THE Southern African Development Community (SADC) People’s Summit has called for Lesotho and five other countries to be “urgently dealt with” during the regional bloc’s Summit of Heads of State and Government in Mbabane, Swaziland tomorrow.
The SADC People’s Summit is a forum of civil society organisations (CSOs) and social movements from the region that meets parallel to Heads of State and Government summit. The SADC People’s Summit was held in Manzini, Swaziland, from 16 to 19 August under the theme: “A Peoples’ driven SADC committed to total liberation for all”.
The agenda of the SADC People’s Summit was to deliberate on issues affecting the region and craft a communique that was to be sent to heads of states and governments during their indaba scheduled to start tomorrow until Wednesday.
Prime Minister Pakalitha Mosisili and other regional leaders are expected to attend the SADC Summit of Heads of State and Government in which the political logjam in Lesotho is expected to top the agenda.
The government will be under the spotlight at the indaba after a Double Troika Summit held in Botswana in June had given Maseru up to the end of this month to ensure exiled opposition leaders returned home.
Former premier and All Basotho Convention leader Thomas Thabane, BNP leader Thesele ‘Maseribane and Reformed Congress of Lesotho leader Keketso Rantšo fled the country in May 2015 claiming they had been alerted of a plot to kill them by the Lesotho Defence Force (LDF), an allegation the military has categorically denied.
During the SADC People’s Summit, seven wives of detained and exiled Lesotho Defence Force (LDF) members lobbied incoming SADC chairman King Mswati III to intervene in the “suffering” of their husbands at the hands of the army command.
At the conclusion of the SADC People’s Summit, the more than 2 000 representatives of CSOs and other social movements issued a statement outlining their deliberations and demands.
Dubbed “The Manzini Peoples’ Declaration” the statement pinpoints Lesotho and four other countries; Zimbabwe, Mauritius, Mozambique and Swaziland as needing “to be urgently dealt with” during the SADC Summit of Heads of State and Government.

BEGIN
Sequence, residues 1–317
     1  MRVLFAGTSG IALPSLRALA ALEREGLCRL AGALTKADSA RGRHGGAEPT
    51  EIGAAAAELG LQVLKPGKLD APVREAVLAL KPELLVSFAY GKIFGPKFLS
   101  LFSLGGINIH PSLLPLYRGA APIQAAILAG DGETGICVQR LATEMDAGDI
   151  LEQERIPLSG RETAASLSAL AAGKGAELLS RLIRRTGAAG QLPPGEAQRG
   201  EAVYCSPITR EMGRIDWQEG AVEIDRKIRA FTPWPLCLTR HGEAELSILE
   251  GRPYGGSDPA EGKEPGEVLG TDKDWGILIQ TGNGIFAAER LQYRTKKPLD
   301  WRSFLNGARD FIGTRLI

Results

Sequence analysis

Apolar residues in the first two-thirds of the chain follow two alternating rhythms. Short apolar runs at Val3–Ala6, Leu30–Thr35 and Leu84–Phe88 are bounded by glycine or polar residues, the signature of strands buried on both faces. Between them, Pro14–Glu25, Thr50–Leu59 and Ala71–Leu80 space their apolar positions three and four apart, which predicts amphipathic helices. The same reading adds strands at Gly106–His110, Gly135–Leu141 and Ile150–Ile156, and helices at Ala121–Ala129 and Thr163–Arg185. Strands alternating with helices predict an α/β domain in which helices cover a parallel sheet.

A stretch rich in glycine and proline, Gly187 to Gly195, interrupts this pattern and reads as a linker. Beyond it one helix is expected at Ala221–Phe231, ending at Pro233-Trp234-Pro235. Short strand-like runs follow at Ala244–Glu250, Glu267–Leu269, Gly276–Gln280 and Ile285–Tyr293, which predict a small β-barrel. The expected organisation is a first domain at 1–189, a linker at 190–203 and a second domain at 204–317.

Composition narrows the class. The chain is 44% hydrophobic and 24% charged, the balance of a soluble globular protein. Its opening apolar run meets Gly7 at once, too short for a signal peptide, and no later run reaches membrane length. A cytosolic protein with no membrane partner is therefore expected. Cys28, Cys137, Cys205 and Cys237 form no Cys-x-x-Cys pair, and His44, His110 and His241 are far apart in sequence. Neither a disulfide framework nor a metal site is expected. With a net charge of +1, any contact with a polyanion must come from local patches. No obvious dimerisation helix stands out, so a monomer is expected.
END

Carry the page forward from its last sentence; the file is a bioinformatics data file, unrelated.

“SADC must force Lesotho to implement the SADC Phumaphi Commission of Inquiry resolution in solving the Lesotho crisis,” reads part of the statement issued this past week.
The 10-member Commission of legal and security experts led by Botswana judge, Justice Mpaphi Phumaphi, probed Lesotho’s security and political challenges following the fatal shooting of former army commander Maaparankoe Mahao on 25 June 2015.
The probe was held between 31 August and 23 October 2015 and recommended the dismissal of LDF commander Lieutenant-General Tlali Kamoli and the return of exiled opposition leaders among others.
“The detained soldiers of Lesotho must be released from maximum prison,” further reads the statement.
“Wives of the detained soldiers in Lesotho with the assistance of other countries should start campaign demanding the release of the detained soldiers.
“SADC (should) ensure that no one is above the law in Lesotho and strengthen democracy, rule of law and media pluralism.”
The detained soldiers are part of 23 LDF members who were arrested between May and June 2015 for allegedly plotting to violently remove the LDF command.
Seven of the soldiers have since been released from Maseru Maximum Security Prison and placed under open arrest, which is a form of bail in the military. The other 16 remain in detention.
The SADC People’s Summit also calls on the governments of Lesotho and Swaziland to do more to protect women from sexual abuse.
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